In a Mason jars or a ceramic vessel, add a bit of the cure mixture to the bottom, then add the lemon wedges, sprinkling the cure mixture in between each layer as you go. Squeeze one or two of the wedges over the top and fill the vessels to the brim with the remaining mixture. If you don’t have enough of the mixture left, just cover the top completely with a layer of salt.
Cover the vessels for four to five days, after which you’ll see that the mixture has created a brine. Make sure that the lemons are still submerged. You might need to add something to keep the lemons from rising to the surface, such as a small ceramic ramekin. (Or a ceramekin, as we like to call it.)
Place the vessels in a cool spot that stays below 65 degrees, and give the lemons a stir every once in a while. Let them cure for a least a month, but preferably for four months. Once they’ve cured, they can keep in the refrigerator up to one year as long as they stay submerged in the brine.

Images come from Susie Kauck, editor of Return to Sunday Supper and prop stylist for Paul’s book from Ten Speed Press, a division of Random House, from whence this recipe came.

April Bloomfield hosts chef and preservation maestro Paul Virant with The Breslin this Sunday evening at Ace Hotel New York to celebrate Paul’s new cookbook The Preservation Kitchen with a 5-course dinner, dessert and cocktails in Liberty Hall. Paul and April met half a decade ago when they were both honored as Food & Wine Magazine’s Best New Chefs. They became fast friends, bonding over their love of Chez Panisse, charcuterie, pickling and rock. Back in July, Paul hosted April at Perennial Virant for the launch of her first cookbook A Girl and Her Pig. Now, she responds in kind.

The acclaimed chefs will each prepare a course, along with additional courses from chef Nick Anderer of Maialino and chef Josh Even of The John Dory with dessert prepared by The Breslin’s pastry chef Jane Tseng. Cocktail hour begins at 7pm, followed by dinner at 8. After the feast, you can stay for an afterparty featuring book signings with Paul and April on The Breslin’s mezzanine. Limited tickets are available here, and you can find out more about the event on April’s site.

To whet your appetite, we’ve included a good starter recipe for your preservation projects this fall: Preserved Lemons.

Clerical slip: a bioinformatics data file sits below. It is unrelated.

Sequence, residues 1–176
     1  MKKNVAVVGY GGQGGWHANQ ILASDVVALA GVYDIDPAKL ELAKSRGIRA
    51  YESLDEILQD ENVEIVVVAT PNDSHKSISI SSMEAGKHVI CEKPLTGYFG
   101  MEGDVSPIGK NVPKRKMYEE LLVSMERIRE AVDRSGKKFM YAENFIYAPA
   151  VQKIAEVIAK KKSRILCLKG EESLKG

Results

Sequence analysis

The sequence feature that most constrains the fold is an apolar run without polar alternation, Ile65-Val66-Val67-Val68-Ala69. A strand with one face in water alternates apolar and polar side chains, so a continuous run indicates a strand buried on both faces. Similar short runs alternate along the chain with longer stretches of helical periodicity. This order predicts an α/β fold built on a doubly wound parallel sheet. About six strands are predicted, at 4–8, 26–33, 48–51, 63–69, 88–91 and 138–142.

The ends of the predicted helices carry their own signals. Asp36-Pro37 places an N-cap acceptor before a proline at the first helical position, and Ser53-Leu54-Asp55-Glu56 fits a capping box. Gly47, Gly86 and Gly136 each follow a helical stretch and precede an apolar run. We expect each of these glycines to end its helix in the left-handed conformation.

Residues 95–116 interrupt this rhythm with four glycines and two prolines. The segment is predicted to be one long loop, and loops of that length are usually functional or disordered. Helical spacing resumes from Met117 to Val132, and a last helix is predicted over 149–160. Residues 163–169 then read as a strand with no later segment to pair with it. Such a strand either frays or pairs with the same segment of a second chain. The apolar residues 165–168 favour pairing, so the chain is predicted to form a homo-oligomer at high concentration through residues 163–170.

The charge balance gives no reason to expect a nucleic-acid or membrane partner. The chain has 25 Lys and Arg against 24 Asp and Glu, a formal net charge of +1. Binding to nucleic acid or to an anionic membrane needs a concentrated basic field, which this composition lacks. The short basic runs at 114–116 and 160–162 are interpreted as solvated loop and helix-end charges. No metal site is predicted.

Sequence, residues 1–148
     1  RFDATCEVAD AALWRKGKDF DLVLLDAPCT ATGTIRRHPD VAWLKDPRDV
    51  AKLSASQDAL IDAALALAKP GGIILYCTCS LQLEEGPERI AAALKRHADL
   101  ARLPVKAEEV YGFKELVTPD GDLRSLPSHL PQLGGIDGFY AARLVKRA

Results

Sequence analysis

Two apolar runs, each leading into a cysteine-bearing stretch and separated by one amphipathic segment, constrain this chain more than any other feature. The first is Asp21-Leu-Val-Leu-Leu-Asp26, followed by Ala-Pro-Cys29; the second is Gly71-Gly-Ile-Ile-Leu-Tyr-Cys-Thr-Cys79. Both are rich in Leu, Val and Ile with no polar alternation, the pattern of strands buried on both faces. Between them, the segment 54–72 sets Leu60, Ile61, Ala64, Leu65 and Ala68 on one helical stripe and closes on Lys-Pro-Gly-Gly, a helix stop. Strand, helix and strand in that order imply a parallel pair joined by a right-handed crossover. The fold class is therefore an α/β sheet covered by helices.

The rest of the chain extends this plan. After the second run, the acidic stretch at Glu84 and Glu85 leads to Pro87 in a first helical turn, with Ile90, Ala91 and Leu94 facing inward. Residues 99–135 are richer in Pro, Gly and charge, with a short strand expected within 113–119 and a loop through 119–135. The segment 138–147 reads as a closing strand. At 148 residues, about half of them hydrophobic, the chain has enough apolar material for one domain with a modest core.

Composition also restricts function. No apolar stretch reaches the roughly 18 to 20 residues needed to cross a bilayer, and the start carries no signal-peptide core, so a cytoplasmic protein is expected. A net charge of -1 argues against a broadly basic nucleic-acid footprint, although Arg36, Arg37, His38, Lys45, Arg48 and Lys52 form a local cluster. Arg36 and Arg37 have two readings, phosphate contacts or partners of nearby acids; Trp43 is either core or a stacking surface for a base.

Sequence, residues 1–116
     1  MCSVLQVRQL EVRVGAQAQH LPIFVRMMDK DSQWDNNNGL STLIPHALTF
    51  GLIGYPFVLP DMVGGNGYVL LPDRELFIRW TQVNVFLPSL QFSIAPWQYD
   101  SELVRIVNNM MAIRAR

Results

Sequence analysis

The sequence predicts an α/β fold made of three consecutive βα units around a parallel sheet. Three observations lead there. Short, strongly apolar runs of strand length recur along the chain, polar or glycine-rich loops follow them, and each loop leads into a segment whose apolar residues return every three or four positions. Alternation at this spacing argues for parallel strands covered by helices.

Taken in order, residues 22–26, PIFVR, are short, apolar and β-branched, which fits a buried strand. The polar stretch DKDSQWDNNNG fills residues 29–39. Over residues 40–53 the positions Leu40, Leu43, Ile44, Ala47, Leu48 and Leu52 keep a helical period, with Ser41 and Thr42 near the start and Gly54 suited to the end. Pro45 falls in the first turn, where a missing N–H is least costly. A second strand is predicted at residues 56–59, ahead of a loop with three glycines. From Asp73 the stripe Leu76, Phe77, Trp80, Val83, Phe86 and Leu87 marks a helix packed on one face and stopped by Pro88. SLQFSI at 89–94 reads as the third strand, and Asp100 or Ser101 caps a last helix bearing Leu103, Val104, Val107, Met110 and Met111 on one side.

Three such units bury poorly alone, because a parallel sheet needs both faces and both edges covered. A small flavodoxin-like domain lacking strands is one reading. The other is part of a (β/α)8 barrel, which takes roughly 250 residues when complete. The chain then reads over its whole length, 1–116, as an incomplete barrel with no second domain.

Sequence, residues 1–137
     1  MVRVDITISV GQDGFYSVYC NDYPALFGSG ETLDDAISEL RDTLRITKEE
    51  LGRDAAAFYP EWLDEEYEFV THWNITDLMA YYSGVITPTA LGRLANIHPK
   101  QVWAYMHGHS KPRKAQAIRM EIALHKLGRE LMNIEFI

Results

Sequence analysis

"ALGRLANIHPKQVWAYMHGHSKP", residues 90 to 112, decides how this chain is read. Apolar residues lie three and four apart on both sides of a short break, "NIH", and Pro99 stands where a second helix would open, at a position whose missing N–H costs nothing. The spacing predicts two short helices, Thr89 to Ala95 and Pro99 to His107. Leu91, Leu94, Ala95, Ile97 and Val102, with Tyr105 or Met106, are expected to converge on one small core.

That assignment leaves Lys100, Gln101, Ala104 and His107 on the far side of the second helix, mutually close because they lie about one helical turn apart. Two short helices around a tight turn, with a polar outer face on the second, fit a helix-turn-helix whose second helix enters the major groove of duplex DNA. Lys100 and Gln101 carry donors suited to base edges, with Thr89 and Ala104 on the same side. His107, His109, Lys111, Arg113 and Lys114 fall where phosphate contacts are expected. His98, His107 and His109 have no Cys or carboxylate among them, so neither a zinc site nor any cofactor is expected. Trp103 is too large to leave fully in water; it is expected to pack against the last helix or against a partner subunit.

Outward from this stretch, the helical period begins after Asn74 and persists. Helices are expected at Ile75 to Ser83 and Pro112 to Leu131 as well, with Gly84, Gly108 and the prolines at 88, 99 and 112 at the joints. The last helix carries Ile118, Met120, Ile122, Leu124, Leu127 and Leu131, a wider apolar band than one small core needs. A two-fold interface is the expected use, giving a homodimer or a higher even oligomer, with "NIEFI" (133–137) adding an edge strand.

Yield: 2 pint jars
Time: 20 minutes

2 cups kosher salt, more if needed
1 cup sugar
1/4 cup Herbes de Provence
8 organic lemons

Wash the lemons and slice their ends off. If they’re large, cut them into six wedges. If they’re small, cut them into four wedges. If they’re somewhere in between, wing it. In a large bowl add the salt, sugar and Herbes de Provence — this is your cure mixture. Add the lemon wedges and coat them well.

In a Mason jars or a ceramic vessel, add a bit of the cure mixture to the bottom, then add the lemon wedges, sprinkling the cure mixture in between each layer as you go. Squeeze one or two of the wedges over the top and fill the vessels to the brim with the remaining mixture. If you don’t have enough of the mixture left, just cover the top completely with a layer of salt.

Cover the vessels for four to five days, after which you’ll see that the mixture has created a brine. Make sure that the lemons are still submerged. You might need to add something to keep the lemons from rising to the surface, such as a small ceramic ramekin. (Or a ceramekin, as we like to call it.)

Place the vessels in a cool spot that stays below 65 degrees, and give the lemons a stir every once in a while. Let them cure for a least a month, but preferably for four months. Once they’ve cured, they can keep in the refrigerator up to one year as long as they stay submerged in the brine.

Images come from Susie Kauck, editor of Return to Sunday Supper and prop stylist for Paul’s book from Ten Speed Press, a division of Random House, from whence this recipe came.